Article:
Brauer: Probably – I mean, if you got a base model one, you might be able to get right around $20,000 out the door or low twenties, but you could get a fully loaded EX for under $20,000. Again, someone else is going to take that hit on the depreciation.
The nice thing about Hondas and the Toyotas is they don’t take that much of a hit, but you can still let someone else take those several thousand dollars that they’ll lose after 2 or 3 years, and then that curve flattens out again, and you go buy it 2 or 3 years old and you keep it for 2, 3, 4 years, sell it for probably not much less than you started with.
Bottom Line: It’s interesting. You’re not getting a car for half the price it originally sold for when you buy a high quality car like this used, because the value doesn’t plummet like it does with some vehicles. But what happens then is that after you’ve driven it for a few years and you sell it, you’re getting back a lot of what you paid for it.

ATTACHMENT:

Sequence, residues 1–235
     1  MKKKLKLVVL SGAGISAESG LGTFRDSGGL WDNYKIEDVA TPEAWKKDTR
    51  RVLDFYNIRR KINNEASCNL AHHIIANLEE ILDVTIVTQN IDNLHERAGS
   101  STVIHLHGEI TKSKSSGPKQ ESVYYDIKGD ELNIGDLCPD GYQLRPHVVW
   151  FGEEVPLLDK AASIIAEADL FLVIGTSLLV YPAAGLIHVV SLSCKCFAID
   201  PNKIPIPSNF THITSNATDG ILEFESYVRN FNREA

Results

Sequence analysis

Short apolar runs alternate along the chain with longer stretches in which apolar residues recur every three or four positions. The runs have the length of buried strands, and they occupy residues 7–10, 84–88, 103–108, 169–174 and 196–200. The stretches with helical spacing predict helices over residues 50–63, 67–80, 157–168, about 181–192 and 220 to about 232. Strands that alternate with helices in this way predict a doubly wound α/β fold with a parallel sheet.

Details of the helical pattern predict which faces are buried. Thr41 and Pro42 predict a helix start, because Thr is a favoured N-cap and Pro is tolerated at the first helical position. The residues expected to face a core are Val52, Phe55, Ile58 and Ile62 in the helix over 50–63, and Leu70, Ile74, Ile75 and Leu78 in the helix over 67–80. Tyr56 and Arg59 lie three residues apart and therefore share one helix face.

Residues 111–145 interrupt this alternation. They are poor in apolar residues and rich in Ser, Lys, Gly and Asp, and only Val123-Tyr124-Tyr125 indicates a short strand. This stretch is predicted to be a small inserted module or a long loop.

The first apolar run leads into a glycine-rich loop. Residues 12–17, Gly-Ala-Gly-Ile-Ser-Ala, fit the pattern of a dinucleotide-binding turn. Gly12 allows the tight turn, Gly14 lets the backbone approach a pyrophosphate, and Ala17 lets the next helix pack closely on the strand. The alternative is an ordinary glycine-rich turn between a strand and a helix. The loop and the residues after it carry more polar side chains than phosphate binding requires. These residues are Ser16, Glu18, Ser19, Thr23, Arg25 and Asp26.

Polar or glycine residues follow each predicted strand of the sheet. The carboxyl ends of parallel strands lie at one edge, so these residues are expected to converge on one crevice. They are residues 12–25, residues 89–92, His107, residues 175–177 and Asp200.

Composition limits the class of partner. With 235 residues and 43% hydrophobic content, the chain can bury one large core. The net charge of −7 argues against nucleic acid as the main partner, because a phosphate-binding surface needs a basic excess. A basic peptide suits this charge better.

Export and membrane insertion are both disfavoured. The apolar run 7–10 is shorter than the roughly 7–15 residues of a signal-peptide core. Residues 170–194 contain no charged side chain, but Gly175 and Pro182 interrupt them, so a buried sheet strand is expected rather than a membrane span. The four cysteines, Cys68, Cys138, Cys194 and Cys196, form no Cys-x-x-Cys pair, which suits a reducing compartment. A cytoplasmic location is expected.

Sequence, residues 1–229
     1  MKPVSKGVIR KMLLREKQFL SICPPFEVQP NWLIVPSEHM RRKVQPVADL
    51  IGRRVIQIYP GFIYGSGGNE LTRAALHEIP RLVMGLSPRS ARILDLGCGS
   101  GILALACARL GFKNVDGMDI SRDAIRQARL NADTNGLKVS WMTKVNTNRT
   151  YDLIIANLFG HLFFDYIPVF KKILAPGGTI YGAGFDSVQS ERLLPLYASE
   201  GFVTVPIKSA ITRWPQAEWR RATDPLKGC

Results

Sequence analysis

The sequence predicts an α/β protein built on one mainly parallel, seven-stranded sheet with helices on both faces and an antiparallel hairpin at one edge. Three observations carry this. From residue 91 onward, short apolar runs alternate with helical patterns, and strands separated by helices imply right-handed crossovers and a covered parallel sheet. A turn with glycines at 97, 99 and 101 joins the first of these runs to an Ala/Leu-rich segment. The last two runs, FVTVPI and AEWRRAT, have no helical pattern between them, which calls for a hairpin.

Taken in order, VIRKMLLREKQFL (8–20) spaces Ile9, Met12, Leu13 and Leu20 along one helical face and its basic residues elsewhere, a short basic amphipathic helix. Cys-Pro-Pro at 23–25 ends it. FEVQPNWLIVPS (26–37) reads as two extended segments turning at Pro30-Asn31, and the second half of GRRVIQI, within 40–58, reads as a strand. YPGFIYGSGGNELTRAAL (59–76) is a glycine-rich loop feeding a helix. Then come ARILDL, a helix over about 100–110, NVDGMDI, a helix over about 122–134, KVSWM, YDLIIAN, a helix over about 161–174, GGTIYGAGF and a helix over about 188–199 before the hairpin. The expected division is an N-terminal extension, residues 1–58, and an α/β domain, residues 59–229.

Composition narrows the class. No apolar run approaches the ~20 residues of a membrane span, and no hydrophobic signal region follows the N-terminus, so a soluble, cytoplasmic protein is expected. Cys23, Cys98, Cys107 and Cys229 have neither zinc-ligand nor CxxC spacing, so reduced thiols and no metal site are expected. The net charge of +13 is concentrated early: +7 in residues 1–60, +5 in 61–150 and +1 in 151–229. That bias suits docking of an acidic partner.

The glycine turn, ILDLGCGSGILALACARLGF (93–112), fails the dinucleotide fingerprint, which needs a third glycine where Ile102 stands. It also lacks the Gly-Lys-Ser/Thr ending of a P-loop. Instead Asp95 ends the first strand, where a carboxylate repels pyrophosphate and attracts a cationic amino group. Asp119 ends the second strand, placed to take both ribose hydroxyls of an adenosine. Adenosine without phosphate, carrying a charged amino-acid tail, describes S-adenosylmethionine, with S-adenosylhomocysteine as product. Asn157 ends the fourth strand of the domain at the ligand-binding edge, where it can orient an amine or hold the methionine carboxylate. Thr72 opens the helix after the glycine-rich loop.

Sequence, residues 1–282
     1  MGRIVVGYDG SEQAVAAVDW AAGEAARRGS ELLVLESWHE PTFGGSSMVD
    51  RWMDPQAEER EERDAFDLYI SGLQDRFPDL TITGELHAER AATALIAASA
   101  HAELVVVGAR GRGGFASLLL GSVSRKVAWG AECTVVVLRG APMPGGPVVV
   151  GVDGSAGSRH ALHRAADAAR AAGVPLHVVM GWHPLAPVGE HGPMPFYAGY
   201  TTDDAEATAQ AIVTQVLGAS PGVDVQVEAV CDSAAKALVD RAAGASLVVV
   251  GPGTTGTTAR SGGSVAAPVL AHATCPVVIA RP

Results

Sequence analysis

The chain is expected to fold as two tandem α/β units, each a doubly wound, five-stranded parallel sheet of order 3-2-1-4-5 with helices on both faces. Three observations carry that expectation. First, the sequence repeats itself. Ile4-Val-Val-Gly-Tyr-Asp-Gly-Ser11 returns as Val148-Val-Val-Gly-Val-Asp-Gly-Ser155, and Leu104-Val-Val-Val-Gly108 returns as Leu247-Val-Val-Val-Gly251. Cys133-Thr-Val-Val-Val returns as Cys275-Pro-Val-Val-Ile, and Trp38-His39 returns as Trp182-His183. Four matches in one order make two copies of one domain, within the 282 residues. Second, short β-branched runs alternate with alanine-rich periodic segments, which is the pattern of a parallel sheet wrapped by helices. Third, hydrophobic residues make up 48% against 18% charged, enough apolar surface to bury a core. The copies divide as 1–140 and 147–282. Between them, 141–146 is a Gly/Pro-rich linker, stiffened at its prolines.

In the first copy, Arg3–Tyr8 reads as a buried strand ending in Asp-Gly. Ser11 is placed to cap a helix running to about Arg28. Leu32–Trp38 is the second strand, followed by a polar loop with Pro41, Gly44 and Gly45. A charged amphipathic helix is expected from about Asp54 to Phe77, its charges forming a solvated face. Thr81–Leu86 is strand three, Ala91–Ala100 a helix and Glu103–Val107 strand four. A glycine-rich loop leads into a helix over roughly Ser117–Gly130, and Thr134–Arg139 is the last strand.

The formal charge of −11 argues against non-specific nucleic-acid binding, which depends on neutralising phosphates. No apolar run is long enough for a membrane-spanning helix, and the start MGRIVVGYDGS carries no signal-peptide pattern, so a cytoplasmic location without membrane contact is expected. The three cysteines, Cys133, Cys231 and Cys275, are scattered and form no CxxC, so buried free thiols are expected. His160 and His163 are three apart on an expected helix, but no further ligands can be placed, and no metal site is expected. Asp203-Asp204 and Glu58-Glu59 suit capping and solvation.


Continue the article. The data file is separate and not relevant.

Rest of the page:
Bottom Line: You might end up spending a little more at first, but you end up with a net cost at the end that’s actually lower, and it’s a better vehicle.
Brauer: Right, because of the vehicle you picked. It’s funny when you think about it; you’re kind of doing the antithesis of what too many people do. They buy a new car every 2 to 3 years, they take the biggest hit in the depreciation, and then they do it again.
You’re doing the opposite. You’re buying a 2- to 3-year-old car, and if you did that every 2 or 3 years, you could potentially have very small hits to the depreciation and still get to switch vehicles every 2 to 3 years. And have very nice vehicles.
Bottom Line: You still have the fun of having a “new” vehicle.
Brauer: Yeah, a “new to you” vehicle every 2 to 3 years.
Bottom Line: Okay, perfect. Thanks very much, Karl.